The Israeli Equilibrium was directed by Brit Leibovitz and written by Rotem Rubinstein, who based it on her own experience with eating disorders and living in a rehabilitation house with other women. I think I can safely say it’s the most realistic film about eating disorders I’ve ever seen, and as you might imagine it’s tense and disturbing.
What I loved about this film is the little details. It’s not the Hollywood version you see of eating disorders, with excessive weighing and binging and purging. It’s accidentally using triggering words like “hot” in front of other women who have eating disorders. It’s finding a hidden bag of food under the sink. It’s cutting a portion of cake with a credit card. These details are subtly observed and the filmmakers trust in the audience’s ability to pick up on them.
A loose, realistic style drives home the authenticity of the film. The women interacted with each other on the set before filming to add to the naturalism. They wander in and out of doors in the background within the shot as television noise plays. This sense of voyeurism is pushed to the brink of discomfort in the film’s last long take.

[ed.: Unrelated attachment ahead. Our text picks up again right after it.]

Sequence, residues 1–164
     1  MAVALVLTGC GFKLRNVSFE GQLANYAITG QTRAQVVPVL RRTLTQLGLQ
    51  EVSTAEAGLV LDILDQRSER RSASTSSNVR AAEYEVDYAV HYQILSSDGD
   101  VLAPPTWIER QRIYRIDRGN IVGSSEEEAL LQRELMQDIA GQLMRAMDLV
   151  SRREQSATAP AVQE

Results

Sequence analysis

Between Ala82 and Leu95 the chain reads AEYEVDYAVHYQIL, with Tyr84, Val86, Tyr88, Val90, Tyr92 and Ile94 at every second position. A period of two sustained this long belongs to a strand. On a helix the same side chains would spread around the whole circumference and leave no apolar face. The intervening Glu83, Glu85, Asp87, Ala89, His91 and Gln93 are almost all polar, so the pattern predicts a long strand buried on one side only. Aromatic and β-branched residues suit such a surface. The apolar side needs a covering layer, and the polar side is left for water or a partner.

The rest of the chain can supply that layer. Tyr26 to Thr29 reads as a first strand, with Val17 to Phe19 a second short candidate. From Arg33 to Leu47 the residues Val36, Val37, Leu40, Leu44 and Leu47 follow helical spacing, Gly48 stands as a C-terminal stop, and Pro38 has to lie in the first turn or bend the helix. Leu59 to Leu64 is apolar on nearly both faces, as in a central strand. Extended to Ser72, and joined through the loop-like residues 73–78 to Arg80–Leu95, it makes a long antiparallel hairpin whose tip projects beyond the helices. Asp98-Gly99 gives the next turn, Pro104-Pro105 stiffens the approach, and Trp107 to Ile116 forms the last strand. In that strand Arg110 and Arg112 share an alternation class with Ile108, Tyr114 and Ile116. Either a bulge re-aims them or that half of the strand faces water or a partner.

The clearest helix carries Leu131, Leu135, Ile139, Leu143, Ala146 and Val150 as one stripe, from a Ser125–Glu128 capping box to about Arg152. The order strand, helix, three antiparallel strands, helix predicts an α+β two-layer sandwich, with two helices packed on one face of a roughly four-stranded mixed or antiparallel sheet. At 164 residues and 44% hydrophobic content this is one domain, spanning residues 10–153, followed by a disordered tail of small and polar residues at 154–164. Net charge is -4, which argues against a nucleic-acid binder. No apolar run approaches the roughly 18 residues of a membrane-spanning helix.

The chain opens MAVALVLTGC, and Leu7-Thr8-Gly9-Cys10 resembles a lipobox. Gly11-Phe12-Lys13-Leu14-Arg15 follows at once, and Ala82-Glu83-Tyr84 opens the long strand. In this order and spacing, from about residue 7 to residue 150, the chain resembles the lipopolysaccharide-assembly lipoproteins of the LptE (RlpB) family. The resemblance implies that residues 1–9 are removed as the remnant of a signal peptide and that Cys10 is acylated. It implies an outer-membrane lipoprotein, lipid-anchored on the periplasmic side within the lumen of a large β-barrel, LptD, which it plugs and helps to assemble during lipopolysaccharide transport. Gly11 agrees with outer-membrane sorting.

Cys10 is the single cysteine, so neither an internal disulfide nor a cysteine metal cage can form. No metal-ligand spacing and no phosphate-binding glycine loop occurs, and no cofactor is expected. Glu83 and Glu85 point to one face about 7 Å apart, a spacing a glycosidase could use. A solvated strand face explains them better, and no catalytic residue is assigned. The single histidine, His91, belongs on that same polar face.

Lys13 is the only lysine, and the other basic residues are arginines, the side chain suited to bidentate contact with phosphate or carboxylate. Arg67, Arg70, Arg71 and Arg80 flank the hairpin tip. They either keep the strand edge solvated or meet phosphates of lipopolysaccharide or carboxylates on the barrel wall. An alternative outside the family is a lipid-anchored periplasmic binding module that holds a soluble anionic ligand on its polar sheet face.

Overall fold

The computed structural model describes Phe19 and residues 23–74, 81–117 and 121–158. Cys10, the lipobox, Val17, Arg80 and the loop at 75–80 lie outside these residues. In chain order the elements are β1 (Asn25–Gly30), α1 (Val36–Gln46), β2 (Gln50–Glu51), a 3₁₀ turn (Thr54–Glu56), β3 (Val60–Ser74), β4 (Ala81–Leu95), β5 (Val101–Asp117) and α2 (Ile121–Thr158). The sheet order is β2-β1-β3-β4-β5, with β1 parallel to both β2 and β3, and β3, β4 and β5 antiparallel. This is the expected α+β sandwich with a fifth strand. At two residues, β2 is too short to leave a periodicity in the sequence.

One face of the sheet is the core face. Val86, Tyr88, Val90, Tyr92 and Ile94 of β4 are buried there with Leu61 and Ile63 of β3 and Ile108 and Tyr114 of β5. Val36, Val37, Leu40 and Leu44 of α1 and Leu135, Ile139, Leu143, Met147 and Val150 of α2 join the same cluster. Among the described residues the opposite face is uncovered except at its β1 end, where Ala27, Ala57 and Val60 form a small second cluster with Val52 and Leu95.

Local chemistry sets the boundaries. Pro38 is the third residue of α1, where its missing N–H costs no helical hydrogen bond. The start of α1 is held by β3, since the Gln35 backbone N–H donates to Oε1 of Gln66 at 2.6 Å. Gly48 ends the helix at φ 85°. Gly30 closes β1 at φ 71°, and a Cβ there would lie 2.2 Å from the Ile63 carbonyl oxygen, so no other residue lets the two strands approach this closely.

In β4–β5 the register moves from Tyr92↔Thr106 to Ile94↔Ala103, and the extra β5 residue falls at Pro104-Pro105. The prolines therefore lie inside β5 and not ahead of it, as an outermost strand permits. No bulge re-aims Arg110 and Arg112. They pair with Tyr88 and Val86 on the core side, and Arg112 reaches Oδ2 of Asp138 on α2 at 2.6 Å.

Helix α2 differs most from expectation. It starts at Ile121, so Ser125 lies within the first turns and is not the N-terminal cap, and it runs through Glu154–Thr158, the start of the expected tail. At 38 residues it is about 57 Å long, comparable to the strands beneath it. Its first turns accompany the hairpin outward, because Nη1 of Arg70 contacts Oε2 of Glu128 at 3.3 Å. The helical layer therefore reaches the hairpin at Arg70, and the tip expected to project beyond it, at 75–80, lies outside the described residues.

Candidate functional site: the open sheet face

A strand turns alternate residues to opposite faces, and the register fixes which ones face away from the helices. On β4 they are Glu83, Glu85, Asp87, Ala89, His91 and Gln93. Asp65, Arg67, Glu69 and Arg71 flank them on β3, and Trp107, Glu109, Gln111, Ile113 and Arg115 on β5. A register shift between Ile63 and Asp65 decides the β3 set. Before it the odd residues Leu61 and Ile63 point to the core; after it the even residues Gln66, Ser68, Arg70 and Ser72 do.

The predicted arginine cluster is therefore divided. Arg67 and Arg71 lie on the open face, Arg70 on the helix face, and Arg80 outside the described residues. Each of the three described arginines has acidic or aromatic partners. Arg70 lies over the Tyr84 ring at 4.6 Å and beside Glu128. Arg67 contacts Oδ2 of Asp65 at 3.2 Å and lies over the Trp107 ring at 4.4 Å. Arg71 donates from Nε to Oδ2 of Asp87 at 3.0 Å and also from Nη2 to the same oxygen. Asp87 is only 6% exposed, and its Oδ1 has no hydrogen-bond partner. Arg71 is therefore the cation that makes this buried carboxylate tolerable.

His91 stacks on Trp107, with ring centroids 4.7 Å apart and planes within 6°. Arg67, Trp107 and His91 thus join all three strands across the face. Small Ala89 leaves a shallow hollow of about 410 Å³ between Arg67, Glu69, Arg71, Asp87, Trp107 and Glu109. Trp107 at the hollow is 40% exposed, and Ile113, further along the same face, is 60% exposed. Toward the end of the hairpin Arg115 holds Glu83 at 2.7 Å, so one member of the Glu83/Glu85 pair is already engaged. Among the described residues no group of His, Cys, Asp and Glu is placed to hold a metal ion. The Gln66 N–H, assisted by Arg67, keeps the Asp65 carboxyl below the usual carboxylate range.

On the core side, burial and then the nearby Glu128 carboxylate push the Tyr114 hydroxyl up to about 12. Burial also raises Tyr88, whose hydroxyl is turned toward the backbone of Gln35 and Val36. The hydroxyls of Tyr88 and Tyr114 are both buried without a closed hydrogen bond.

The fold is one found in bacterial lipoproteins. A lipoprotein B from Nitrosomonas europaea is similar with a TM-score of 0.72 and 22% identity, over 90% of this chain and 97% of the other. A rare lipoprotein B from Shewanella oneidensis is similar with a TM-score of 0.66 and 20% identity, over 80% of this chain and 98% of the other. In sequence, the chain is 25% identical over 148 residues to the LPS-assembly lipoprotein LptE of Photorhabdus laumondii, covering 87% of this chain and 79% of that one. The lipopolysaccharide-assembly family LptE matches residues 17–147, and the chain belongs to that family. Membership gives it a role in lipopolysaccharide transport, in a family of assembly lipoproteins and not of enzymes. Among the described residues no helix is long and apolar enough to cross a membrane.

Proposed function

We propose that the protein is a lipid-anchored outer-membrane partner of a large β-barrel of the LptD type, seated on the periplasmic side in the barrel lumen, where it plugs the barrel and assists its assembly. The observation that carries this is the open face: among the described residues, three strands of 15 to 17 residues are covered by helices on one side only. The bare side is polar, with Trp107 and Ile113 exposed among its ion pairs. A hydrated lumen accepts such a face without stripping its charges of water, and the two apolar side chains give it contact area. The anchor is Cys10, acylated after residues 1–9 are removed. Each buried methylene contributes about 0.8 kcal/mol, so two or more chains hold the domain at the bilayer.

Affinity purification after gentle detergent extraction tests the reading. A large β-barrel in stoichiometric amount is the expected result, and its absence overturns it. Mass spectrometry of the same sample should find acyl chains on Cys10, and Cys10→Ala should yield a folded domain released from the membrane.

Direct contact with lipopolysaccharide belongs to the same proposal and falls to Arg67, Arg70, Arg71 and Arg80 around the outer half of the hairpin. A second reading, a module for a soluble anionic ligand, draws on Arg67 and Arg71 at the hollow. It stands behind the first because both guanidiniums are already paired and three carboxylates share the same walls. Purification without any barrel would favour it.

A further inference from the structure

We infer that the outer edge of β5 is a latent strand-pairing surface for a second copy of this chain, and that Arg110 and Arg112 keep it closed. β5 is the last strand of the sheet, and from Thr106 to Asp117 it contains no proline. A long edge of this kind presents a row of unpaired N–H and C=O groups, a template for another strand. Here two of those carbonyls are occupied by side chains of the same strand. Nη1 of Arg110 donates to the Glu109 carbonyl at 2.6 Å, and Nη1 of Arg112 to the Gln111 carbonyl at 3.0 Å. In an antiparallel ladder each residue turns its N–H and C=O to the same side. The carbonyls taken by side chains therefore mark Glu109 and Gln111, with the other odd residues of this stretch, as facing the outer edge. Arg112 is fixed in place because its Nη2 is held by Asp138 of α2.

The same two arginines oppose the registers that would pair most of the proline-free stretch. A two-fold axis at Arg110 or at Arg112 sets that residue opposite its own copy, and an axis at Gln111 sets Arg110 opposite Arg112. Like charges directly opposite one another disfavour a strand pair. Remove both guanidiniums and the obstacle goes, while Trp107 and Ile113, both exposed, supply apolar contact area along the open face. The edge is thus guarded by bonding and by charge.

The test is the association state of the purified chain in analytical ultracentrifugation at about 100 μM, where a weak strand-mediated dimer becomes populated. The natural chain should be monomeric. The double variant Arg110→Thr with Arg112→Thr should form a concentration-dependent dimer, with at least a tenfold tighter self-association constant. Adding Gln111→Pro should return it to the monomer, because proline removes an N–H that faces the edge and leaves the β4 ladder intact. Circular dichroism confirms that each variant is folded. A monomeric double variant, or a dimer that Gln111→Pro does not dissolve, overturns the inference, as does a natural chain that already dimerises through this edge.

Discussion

The interview with Brit Leibovitz & Rotem Rubinstein is among the most raw and candid we have featured. One reason Hollywood gets it wrong is because eating disorders, Rubinstein explains, aren’t necessarily about how you look, or how skinny you want to be. They’re about a more intangible, indescribable feeling about yourself—one that, like most mental illnesses, you have to keep managing the rest of your life to manage your symptoms.
Check out Equilibrium in Shorts Block No. 4 here: https://watch.eventive.org/mentalfilmness2022/play/633f0d67e7c22000291085fc/6328a71bc7b2320053e18d0f
Watch Brit Leibovitz & Rotem Rubinstein in conversation about the film here: